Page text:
Natural vs Washed Process

The Science and Culture Behind Natural and Washed Coffee

Your HeadshotAuthor: Steve Simmons

The self-proclaimed brains behind Octave Coffee, Steve envisioned two decades ago that the world needed yet another coffee company. With the perfect blend of music and caffeine, hop on board and let's pretend this coffee is the solution to everything, one well-priced bag at a time.


When it comes to coffee, there's a lot more than meets the eye—especially in the processing methods used to transform coffee cherries into the richness we brew every morning. Let's study the processes of natural and washed coffee, exploring the science behind each method, their cultural significance, and how they shape the taste of your favorite roast.

Natural Coffee: A Taste of Tradition

Natural, sometimes called dry processed, coffee is one of the oldest methods of coffee processing. In this technique, ripe coffee cherries are carefully picked and laid out to dry in the sun, allowing the fruit to naturally ferment around the bean. This process can take several weeks and requires meticulous attention to detail.

The result? A cup of coffee embodied with fruity flavors and a distinct sweetness. The prolonged contact between the bean and the fruit during drying gives natural coffee its signature taste profile, often characterized by notes of berries, chocolate, and even wine.

Washed Coffee: Precision and Cleanliness

On the other hand, washed, or wet processed, coffee involves removing the outer skin and mucilage from the cherries immediately after harvesting. The beans are then submerged in water to ferment, breaking down any remaining mucilage before being thoroughly washed and dried.

This method requires precision and consistent monitoring to ensure consistency in flavor. Washed coffee tends to have a cleaner, brighter taste compared to natural coffee, with floral and citrus notes shining through. The shorter drying time also contributes to a crisper acidity in the cup.


Scientific Insight

The science behind the natural and washed coffee processing methods lies in the fermentation process and its impact on the chemical composition of the beans.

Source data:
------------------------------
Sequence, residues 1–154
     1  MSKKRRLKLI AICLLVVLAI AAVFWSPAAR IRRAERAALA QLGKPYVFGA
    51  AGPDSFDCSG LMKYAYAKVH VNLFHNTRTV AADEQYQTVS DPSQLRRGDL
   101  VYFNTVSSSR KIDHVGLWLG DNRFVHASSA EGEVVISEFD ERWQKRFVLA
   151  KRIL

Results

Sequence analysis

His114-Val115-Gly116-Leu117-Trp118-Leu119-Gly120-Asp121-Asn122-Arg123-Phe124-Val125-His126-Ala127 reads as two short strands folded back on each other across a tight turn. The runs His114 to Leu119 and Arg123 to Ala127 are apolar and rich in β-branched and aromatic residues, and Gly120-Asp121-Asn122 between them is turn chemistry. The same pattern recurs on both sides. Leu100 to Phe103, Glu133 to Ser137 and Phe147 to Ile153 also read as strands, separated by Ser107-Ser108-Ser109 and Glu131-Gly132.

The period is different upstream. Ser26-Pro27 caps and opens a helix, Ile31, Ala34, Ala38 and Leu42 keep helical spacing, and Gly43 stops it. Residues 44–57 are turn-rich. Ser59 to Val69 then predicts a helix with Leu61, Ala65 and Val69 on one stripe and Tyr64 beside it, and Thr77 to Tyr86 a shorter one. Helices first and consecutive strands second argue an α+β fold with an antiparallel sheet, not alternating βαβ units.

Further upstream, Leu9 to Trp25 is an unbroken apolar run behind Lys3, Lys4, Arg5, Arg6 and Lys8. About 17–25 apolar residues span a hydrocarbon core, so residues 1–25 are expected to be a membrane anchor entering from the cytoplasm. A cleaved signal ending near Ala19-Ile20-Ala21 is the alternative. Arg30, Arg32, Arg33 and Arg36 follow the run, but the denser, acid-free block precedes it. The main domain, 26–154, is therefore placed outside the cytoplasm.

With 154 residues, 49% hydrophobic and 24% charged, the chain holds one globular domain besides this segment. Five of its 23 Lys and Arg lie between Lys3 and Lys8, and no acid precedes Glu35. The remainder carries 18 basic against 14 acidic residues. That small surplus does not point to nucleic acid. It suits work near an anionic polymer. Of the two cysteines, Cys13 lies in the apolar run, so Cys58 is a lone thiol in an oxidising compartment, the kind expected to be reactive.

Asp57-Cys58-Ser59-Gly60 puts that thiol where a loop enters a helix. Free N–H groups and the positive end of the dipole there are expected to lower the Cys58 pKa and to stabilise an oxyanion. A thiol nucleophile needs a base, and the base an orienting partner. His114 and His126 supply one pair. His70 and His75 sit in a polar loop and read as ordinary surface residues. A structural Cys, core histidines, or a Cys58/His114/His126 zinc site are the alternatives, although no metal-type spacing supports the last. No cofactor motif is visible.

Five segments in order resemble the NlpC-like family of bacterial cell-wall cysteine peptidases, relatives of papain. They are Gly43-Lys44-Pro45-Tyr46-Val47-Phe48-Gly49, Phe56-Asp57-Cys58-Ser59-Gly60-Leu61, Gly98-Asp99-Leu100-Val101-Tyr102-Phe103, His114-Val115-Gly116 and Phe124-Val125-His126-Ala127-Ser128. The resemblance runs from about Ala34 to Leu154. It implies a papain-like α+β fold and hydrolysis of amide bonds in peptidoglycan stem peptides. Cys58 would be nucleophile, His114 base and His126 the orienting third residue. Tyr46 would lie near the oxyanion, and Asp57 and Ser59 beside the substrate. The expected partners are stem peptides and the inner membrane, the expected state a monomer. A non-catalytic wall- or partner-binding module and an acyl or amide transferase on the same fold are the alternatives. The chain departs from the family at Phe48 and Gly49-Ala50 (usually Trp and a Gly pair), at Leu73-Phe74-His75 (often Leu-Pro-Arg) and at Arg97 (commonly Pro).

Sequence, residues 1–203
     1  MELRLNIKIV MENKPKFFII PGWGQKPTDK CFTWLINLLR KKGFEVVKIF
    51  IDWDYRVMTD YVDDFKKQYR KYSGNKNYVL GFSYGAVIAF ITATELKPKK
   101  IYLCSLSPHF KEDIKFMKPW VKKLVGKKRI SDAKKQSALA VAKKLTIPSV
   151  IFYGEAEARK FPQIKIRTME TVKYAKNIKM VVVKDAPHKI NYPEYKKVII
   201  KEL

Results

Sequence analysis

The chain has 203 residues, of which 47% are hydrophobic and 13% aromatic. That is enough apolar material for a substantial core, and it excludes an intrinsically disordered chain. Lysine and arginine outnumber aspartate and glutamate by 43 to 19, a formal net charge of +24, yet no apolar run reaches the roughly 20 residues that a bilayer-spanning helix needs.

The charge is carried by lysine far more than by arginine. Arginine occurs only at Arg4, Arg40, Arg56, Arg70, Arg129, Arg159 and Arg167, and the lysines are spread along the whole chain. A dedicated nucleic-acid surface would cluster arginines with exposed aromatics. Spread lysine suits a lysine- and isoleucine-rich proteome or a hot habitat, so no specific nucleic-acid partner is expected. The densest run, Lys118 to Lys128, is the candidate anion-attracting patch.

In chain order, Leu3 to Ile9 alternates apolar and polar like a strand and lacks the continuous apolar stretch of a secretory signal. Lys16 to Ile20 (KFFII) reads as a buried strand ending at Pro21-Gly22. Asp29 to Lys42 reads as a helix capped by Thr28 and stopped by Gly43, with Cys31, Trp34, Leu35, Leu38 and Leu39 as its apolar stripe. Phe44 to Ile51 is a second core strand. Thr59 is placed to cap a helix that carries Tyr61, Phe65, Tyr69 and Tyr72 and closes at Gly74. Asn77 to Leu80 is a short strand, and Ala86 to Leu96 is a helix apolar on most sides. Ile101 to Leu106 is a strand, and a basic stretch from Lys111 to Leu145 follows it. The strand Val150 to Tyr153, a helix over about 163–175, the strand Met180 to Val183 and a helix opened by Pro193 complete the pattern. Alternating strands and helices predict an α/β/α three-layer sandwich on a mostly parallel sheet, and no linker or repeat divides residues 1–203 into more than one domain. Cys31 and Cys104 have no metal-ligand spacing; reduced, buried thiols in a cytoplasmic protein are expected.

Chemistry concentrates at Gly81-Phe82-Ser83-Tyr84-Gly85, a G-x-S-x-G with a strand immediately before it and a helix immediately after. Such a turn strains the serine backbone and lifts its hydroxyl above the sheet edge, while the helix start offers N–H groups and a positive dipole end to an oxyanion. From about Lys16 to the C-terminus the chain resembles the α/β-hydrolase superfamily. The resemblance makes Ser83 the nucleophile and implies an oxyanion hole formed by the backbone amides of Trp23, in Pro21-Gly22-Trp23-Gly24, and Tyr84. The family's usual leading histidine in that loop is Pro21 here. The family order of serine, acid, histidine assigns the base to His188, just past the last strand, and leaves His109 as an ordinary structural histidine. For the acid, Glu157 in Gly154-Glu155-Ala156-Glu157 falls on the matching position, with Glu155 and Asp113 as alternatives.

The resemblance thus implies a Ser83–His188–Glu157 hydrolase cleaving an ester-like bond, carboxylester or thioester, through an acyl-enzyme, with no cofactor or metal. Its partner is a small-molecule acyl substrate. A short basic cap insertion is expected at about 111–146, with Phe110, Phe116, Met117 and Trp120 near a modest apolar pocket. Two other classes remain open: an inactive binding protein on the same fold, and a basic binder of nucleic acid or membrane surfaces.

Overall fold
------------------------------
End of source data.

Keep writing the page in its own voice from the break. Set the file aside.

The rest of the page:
In natural coffee processing, the intact cherries are left to dry in the sun, allowing fermentation to occur within the fruit. During this time, naturally occurring enzymes break down the sugars and acids present in the fruit, leading to chemical reactions that influence the flavor of the beans. This prolonged fermentation period allows for greater interaction between the sugars and acids, resulting in a deeper and more complex flavor profile.

As mentioned earlier, washed coffee processing involves removing the outer layers of the cherry immediately after harvesting, exposing the beans. These beans are then fermented in water tanks. The fermentation process in washed coffee is controlled and shorter compared to natural processing. By removing the fruit before fermentation, washed processing minimizes the influence of external factors on the beans' flavor. This controlled fermentation environment leads to a cleaner taste profile with distinct acidity and floral notes.

In both methods, fermentation plays a primary role in shaping the flavor of the final coffee seed. However, the timing and environment of fermentation differ, resulting in distinct flavor profiles for natural and washed coffee. Natural coffee tends to have a more diverse array of flavors influenced by the fruit's sugars and acids, while washed coffee offers a more refined taste experience, allowing the qualities of the beans to speak.

Cultural and Traditional Influences

Both natural and washed coffee processing methods have deep cultural and traditional roots in coffee-growing regions around the world. In Ethiopia, the birthplace of coffee, the natural process is the standard, with farmers highly valuing the fruity complexity it gives to their beans.

Meanwhile, in Central and South America, where washed coffee is king, the focus is on producing a bright, clean profile that showcases the inherent qualities of the beans.

Whether it's the rich, fruity notes of a natural coffee or the crisp acidity of a washed coffee, each method offers a unique and distinct experience. Remember, there's no right or wrong choice when it comes to coffee—just different paths to great coffee!


Other Processing Methods

attribution: The Barista Institute

Anaerobic Fermentation

Anaerobic fermentation, meaning oxygen-free, is a relatively new method gaining popularity, especially among high-end coffees like competition blends. Similar to the washed process, anaerobic fermentation occurs in fully sealed, oxygen-deprived tanks. While still experimental, coffees processed this way often boast wild, unexpected, and complex flavors.

Carbonic Maceration

Adapted from winemaking, carbonic maceration involves fermenting whole cherries, breaking down the fruit flesh's cell walls from the inside out. This method infuses the beans with vibrant flavors like red wine, whisky, banana, and bubblegum during fermentation. The resulting cup yields incredibly diverse and bold flavors.

Giling Basah

Translating to "wet hulled" in Indonesian, Giling Basah is a process primarily found in Indonesia. Similar to the washed method, beans are dried to 30-35% moisture content (compared to 11-12% in the washed process). After initial drying, the parchment is removed, and the beans are dried again until ready for storage. Giling Basah yields earthy flavors like wood, mustiness, spice, and tobacco, although it's less favored among coffee professionals.


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